2012–2014 Daybreak ITV
2014— Good Morning Britain Occasional reporter
2014–2015 Hogmanay Party Presenter STV
2016–2017 Penguin A&E with Lorraine Kelly Channel 5
2016 Lorraine & Friends STV
Lorraine Kelly's Hogmanay
2016– The Sun Military Awards Forces TV
2017 Carnage Herself (cameo role)[77] BBC iPlayer
2018 Wedding Day Winners Co-presenter BBC One
2019 Coronation Street Herself/Presenter ITV
The Cash Machine STV
2019–2021 RuPaul's Drag Race UK Guest, 2 episodes BBC Three
2020 Good Morning Britain with Lorraine Presenter ITV
The Last Leg Stand-in Presenter Channel 4
2021 Return To Dunblane With Lorraine Kelly Herself/Presenter ITV
Guest appearances


Year Title Role
2014 Pudsey: The Movie Cat (voice)
2023 Dfi Dudu and the Countdown Narrator (voice)


  • Lorraine Kelly's Nutrition Made Easy (Virgin Books, due January 2009)
  • Lorraine Kelly's Junk-Free Children's Eating Plan (Virgin Books, 2007)
  • Lorraine Kelly's Baby and Toddler Eating Plan (Virgin Books, 2002/2004/2006)
  • Lorraine Kelly's Scotland (released 13 March 2014)


  1. ^ "About Me: Find out more about Lorraine". Archived from the original on 28 April 2018. Retrieved 24 May 2012.
  2. ^ "Lorraine Kelly on her new fitness DVD and why she's just an ordinary woman". The Herald. Retrieved 26 November 2017.
  3. ^ a b c d Lorraine supreme – Lorraine Kelly The Scotsman, 19 August 2008
  4. ^ Hernon, Ian (30 January 1990). "Early bird Lorraine gets her dream job". Evening Times. Retrieved 10 September 2021.
  5. ^ "GMTV with Lorraine". TV.com.
  6. ^ a b Lorraine Kelly interview: Everyone's cup of tea The Scotsman, 25 February 2009
  7. ^ Piers Morgan's Life Stories-Lorraine Kelly ITV programme, https://www.imdb.com/title/tt4878784/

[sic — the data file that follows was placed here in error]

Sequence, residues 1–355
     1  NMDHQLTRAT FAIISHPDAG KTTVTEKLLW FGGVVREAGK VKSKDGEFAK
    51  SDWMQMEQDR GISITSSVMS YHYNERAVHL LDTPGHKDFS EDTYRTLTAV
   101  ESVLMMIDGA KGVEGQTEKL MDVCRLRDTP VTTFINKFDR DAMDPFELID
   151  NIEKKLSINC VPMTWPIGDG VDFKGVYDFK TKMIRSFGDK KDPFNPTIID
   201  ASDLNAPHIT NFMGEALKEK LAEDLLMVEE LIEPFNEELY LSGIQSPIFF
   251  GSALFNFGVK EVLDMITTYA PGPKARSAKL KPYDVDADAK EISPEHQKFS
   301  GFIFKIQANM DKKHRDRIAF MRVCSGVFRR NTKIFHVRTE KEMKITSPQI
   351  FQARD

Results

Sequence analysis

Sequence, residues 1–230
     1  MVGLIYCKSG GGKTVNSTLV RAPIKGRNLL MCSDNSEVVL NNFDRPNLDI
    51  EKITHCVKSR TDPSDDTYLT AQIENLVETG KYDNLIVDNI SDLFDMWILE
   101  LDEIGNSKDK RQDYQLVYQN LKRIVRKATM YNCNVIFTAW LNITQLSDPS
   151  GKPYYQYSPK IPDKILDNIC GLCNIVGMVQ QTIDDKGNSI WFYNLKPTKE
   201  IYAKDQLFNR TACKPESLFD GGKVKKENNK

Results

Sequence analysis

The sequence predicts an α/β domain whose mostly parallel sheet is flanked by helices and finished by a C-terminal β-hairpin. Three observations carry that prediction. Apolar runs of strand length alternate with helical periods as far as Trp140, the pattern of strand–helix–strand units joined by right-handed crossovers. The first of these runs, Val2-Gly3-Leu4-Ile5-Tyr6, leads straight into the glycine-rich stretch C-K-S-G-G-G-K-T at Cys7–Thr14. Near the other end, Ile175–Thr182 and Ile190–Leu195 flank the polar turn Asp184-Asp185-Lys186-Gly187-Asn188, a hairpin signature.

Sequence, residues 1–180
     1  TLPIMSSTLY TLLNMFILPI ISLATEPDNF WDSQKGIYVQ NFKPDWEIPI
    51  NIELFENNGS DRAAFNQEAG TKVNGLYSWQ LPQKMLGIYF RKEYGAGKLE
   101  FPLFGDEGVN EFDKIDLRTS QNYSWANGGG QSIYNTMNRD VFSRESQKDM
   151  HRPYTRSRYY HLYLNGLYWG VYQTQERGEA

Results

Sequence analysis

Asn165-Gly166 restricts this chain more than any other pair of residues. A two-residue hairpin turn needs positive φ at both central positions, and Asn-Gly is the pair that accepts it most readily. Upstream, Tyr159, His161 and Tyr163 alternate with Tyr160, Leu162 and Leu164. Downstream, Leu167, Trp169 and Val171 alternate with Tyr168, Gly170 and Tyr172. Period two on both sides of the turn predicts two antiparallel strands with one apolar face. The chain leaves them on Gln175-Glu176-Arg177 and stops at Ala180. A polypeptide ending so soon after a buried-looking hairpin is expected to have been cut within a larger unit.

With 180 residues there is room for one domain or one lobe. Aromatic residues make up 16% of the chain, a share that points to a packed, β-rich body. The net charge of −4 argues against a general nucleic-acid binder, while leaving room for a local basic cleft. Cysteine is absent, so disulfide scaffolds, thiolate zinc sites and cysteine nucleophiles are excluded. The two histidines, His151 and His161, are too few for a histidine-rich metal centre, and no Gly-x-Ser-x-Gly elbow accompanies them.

8. ^ Kilkelly, Daniel (11 November 2007). "'GMTV' bans Lorraine Kelly's ad plans". Digital Spy. Retrieved 3 June 2015.
  9. ^ Robinson, James (26 November 2009). "ITV takes full control of breakfast TV broadcaster GMTV". The Guardian. Guardian News and Media, Ltd. Retrieved 3 June 2015.
  10. ^ "A new dawn for GMTV". GMTV. 12 July 2010. Archived from the original on 12 July 2010.
  11. ^ Simon, Jane (7 January 2011). "Children's Hospital - ITV1, 8pm". mirror. Retrieved 13 February 2020.
  12. ^ "BBC Two - Never Mind the Buzzcocks, Series 25, Episode 3, Lorraine Kelly Spanks Noel Fielding". BBC. Retrieved 13 February 2020.
  13. ^ "Raa Raa the Noisy Lion". www.raaraathenoisylion.com. Retrieved 13 February 2020.
  14. ^ "New presenters announced for ITV's Daybreak". ITV News. 4 May 2012.
  15. ^ Millar, Paul (4 May 2012). "Lorraine Kelly, Aled Jones unveiled as new hosts of 'Daybreak'". Digital Spy. Retrieved 3 July 2012.
  16. ^ Goodacre, Kate (23 August 2012). "Daybreak relaunch: Lorraine Kelly, Aled Jones start on September 3". Digital Spy.
  17. ^ Sweney, Mark (4 May 2012). "Aled Jones to join Lorraine Kelly on Daybreak couch". The Guardian. ISSN 0261-3077. Retrieved 13 February 2020.
  18. ^ Daly, Emma (15 February 2014). "Lorraine Kelly leaving Daybreak to front her own show full time". RadioTimes.com. Retrieved 3 June 2015.
  19. ^ You Can't Always Get What You Want, retrieved 13 February 2020
  20. ^ [1][dead link]
  21. ^ "BBC – Lorraine Kelly and Rob Beckett say 'I do' to BBC One's Wedding Day Winners – Media Centre". Bbc.co.uk. Retrieved 28 December 2018.
  22. ^ a b Rankin the toast of Scotland as fans sing his praises The Scotsman, 1 December 2005
  23. ^ a b Smith honoured for Spirited performance The Scotsman, 29 November 2006
  24. ^ "Series 1, Episode 2". Lily Savage's Blankety Blank. 14 January 2001. ITV1. Repeated 22 August 2016 on Challenge.
  25. ^ Lorraine Kelly Archived 27 March 2010 at the Wayback Machine GMTV, 9 February 2010
  26. ^ "Lorraine Kelly Agent | Book Lorraine Kelly Speaker | Hire Lorraine Kelly for a Personal Appearance for your event through Prime Performers UK". Archived from the original on 7 November 2010. Retrieved 2010-10-12.
  27. ^ "Is Closed". Locatetv.com. 4 April 2016. Archived from the original on 18 September 2016. Retrieved 10 September 2016.
  28. ^ [2][dead link]
  29. ^ a b c Lorraine: The hurt behind my smiles Irish Independent, 23 August 2008
  30. ^ Joan Collins to present news quiz BBC News, 22 November 2005
  31. ^ Lorraine Kelly to host 'This Morning' Digital Spy, 1 July 2004
  32. ^ Holly Willoughby says Phillip Schofield is a 'TV slut' STV, 18 January 2010
  33. ^ Full cast and crew for "The New Paul O'Grady Show" Internet Movie Database
  34. ^ Lorraine Kelly to front DNA show for ITV Broadcast, 1 November 2005
  35. ^ Lorraine Kelly series to launch Real Lives HD Digital Spy, 18 August 2008
  36. ^ Lorraine Kelly's Big Fat Challenge Archived 23 August 2010 at the Wayback Machine Sky TV, January 2010